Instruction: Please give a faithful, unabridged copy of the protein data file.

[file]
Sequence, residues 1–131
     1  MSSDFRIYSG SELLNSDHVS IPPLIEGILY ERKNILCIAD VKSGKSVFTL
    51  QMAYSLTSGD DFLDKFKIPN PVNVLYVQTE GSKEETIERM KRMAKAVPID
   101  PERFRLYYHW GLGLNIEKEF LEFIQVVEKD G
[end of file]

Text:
Sequence, residues 1–131
     1  MSSDFRIYSG SELLNSDHVS IPPLIEGILY ERKNILCIAD VKSGKSVFTL
    51  QMAYSLTSGD DFLDKFKIPN PVNVLYVQTE GSKEETIERM KRMAKAVPID
   101  PERFRLYYHW GLGLNIEKEF LEFIQVVEKD G